By David M. Greenwald
Davis, CA – For years now the Vanguard has been warning about the impending problem of declining enrollment and the impact it will have on the school district and the broader community. This week, the Davis City Council received a report from DJUSD and the two entities vowed to work together.
As I have noted a number of times, declining enrollment presents unique challenges to school districts because funding is calculated by average daily attendance.
As Board Member Joe DiNunzio explained last week, when the enrollment is declining, “it’s a real challenge” as money declines. He explained that “we are operating right now with a relatively thin margin of budget. So it becomes an extraordinarily big economic challenge.”
If this were merely a one-time decline in enrollment, that would be one matter. The school district could close a school, cut staff, bite the bullet once and be okay.
But the problem here is a long-term downward trend that means that the district would have to be cutting most of the time. And as I have previously pointed out, that’s difficult to do and because of reverse economies of scale, the district would become less efficient and would only save about 60 cents on the dollar for each cut.
The resident student population has been declining for some time, but the total enrollment had been relatively stable pre-pandemic. That changed in the 2020-21 school year.
Superintendent Matt Best explained, “We know that our resident student numbers are declining and that’s masked by increasing non-resident students.”
But he later noted, “It wasn’t until the pandemic that the number of non-residents students stopped keeping up with the number of the decline of resident students.”
But as Joe DiNunzio put it, “We’re nearing a tipping point.” He said, “I think we are coming very close to the ceiling on the number of non-resident students we have. And if those numbers do in fact fall, then it’s going to have a huge impact on our ability to maintain the school system that we currently have.”
Some have suggested why not just eliminate the out-of-district transfers, downsize the schools and be done with it.
Leaving aside the fact that that would not solve the ongoing problem of decline, it’s not so simple.
That’s because of who the transfer students are—in primarily three categories. First, they are children of staff and faculty at DJUSD. Many of them can’t afford to live in Davis, but allowing them to enroll their children in the district is a huge draw for staff.
Second, they are the children of faculty at UC Davis. And third, they are students who started out living in Davis, whose families moved, but are entitled to remain at DJUSD.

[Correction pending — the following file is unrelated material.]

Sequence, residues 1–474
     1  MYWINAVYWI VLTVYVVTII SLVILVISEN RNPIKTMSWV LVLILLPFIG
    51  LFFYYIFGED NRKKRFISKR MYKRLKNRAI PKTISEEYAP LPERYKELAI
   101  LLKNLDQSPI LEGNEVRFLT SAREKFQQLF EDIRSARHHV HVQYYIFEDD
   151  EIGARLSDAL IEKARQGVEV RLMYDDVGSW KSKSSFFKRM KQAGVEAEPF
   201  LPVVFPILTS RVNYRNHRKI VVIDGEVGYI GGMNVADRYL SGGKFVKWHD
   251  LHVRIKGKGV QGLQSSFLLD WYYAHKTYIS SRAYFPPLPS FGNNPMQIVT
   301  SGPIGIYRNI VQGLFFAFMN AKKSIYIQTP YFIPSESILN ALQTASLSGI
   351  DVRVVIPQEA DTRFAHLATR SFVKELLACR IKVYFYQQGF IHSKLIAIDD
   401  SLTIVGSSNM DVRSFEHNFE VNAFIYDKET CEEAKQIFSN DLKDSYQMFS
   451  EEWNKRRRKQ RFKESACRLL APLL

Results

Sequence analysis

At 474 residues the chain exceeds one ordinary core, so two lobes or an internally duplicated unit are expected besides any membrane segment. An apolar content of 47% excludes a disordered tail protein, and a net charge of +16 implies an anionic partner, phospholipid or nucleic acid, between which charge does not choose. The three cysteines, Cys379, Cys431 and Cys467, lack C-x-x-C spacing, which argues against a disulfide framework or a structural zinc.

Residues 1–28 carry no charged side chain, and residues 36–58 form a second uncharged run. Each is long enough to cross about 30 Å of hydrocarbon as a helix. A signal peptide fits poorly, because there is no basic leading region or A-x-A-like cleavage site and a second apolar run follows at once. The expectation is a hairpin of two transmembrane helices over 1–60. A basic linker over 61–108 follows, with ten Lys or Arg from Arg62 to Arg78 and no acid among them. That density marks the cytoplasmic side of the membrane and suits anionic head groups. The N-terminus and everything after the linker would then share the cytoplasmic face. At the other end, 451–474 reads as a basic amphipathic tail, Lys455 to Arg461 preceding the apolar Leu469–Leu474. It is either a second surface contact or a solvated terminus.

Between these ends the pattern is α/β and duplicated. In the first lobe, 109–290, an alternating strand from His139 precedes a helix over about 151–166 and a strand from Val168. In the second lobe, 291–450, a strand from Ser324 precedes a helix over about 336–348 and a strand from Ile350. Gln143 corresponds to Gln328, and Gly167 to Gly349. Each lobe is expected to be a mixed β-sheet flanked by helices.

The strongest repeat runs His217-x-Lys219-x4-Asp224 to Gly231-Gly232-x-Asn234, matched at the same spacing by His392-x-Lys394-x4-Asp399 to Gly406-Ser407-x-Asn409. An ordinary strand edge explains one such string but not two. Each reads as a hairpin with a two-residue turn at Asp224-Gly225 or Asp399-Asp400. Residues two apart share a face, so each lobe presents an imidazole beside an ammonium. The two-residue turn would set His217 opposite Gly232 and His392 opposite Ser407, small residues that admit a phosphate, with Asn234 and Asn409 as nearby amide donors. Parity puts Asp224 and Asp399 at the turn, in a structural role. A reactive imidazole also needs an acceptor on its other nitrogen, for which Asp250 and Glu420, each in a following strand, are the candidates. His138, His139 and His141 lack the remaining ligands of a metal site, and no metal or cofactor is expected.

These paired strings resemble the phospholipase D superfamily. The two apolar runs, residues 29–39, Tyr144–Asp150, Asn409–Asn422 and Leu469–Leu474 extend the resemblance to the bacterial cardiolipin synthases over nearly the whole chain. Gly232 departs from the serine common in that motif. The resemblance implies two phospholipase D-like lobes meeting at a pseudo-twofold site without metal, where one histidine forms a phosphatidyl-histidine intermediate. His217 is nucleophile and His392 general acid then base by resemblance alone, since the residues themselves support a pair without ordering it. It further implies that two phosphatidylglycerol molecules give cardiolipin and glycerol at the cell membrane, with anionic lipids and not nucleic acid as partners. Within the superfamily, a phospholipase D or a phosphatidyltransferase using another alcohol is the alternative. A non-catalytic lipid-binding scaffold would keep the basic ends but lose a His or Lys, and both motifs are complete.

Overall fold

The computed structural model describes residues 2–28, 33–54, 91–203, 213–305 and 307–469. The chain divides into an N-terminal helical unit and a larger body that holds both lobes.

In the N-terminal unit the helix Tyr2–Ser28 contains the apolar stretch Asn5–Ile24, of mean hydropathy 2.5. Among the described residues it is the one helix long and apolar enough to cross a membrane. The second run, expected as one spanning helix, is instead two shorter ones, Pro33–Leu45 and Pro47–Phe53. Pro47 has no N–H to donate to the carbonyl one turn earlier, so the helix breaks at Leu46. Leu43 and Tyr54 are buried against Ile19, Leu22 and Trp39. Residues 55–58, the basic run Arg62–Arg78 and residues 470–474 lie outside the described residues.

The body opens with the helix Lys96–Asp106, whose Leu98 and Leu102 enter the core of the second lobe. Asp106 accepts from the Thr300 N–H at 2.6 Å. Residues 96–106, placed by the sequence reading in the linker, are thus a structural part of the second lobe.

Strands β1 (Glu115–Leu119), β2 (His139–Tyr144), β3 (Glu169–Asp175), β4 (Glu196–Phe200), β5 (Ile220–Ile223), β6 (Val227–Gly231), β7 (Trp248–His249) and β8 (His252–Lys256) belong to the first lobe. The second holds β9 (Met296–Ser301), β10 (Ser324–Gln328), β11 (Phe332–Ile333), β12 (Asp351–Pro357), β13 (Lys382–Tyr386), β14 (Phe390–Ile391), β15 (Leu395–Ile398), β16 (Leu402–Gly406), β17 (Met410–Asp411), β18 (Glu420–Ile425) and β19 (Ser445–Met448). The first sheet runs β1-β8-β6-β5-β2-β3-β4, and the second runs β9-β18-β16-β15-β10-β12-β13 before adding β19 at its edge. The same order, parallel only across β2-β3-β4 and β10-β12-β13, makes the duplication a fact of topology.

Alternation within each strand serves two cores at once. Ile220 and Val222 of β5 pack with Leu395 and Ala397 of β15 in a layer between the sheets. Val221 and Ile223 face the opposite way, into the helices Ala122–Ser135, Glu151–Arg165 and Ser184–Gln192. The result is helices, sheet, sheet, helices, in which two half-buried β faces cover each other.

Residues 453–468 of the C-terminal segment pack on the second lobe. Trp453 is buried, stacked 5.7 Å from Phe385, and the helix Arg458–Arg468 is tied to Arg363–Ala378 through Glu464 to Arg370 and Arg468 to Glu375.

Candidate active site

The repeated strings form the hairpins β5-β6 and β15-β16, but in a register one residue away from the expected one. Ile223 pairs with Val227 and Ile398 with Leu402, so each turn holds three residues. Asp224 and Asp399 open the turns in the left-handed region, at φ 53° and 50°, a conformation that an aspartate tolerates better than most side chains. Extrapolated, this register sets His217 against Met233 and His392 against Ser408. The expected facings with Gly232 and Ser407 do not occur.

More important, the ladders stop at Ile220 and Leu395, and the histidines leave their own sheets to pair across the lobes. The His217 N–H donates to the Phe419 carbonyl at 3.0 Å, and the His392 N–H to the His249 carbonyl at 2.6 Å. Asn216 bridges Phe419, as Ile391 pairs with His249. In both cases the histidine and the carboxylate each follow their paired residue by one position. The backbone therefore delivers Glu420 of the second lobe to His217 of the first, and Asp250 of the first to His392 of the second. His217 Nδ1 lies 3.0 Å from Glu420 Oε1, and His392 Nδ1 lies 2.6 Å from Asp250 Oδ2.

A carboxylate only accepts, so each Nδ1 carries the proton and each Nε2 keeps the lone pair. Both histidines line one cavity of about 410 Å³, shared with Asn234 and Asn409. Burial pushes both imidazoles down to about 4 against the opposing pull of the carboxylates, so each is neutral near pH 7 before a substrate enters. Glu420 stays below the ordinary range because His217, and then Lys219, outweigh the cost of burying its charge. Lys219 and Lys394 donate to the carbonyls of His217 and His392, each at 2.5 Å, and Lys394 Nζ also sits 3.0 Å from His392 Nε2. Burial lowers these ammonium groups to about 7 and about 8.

So, what is causing all of this?
First, a reduction of births. The average births declined from about 603 to 417 between 2002 and 2021. A big part of that is the aging population of Davis because younger families cannot afford to move to this community.
And a big part of that is—you guessed it—housing.
The period of 2002 to 2021 happens to coincide with major changes in the housing market in Davis and the advent of the housing crisis. It is probably not coincidental that the decline began shortly after the passage of Measure J.
The presentation noted that there have been 902 city approved residential units planned within the next 5 years. But 81 percent are multi-family housing that do not house school age children.
Board Member Hiram Jackson explained that he asked the demographer whether “lower cost housing tend to bring more school going families than more expensive housing? And of course, his answer was yes, that was his experience.”
Jackson said, “I’m concerned that we’re bringing about an economic segregation in Davis. Basically, we’re pricing out lower income people or middle income people even.”
I guess the question then is this: does a decline in schools matter to this community?
Ultimately that is a question that the community is going to have to answer. But, overall, I think it does matter.
First of all, we have seen, since 2007, the community step up time and time again, willing to pay increasing amounts of a parcel tax to support quality education at DJUSD.
Second, as noted by Will Arnold, home values are primarily tied to the quality of the educational system.
Third, and I think this is a point that a lot of people are missing, there is the connection between UC Davis and the community. As UC Davis brings in young faculty each year, those are people of child-bearing age who are going to have children and want their children to receive a high quality of education.
Traditionally, faculty moved into Davis and helped populate our local schools. Fewer and fewer faculty are able to afford to live in Davis, particularly early in their career when they have school age children, but the district has compensated for that through transfers.
However, if funding declines, the quality of education will decline at the schools, and it might become more difficult to attract top young faculty to UC Davis.
Fourth, I think overall this community is more vibrant when we have families of all ages in addition to students, faculty, and long-time residents—and if our schools decline, our population of children declines, and we lose a lot of what makes this a great community.
If we plan well, we can do this in a way so that we keep the great things about this community, without growing too fast so as to see a loss of other facets that make this a great community—small town feel, open space, agricultural heritage.
This will all take a lot of smart planning and a lot of work.
But I fully agree that we are at a dangerous tipping point here. And if we don’t act now, we will lose a lot about what makes this a great community.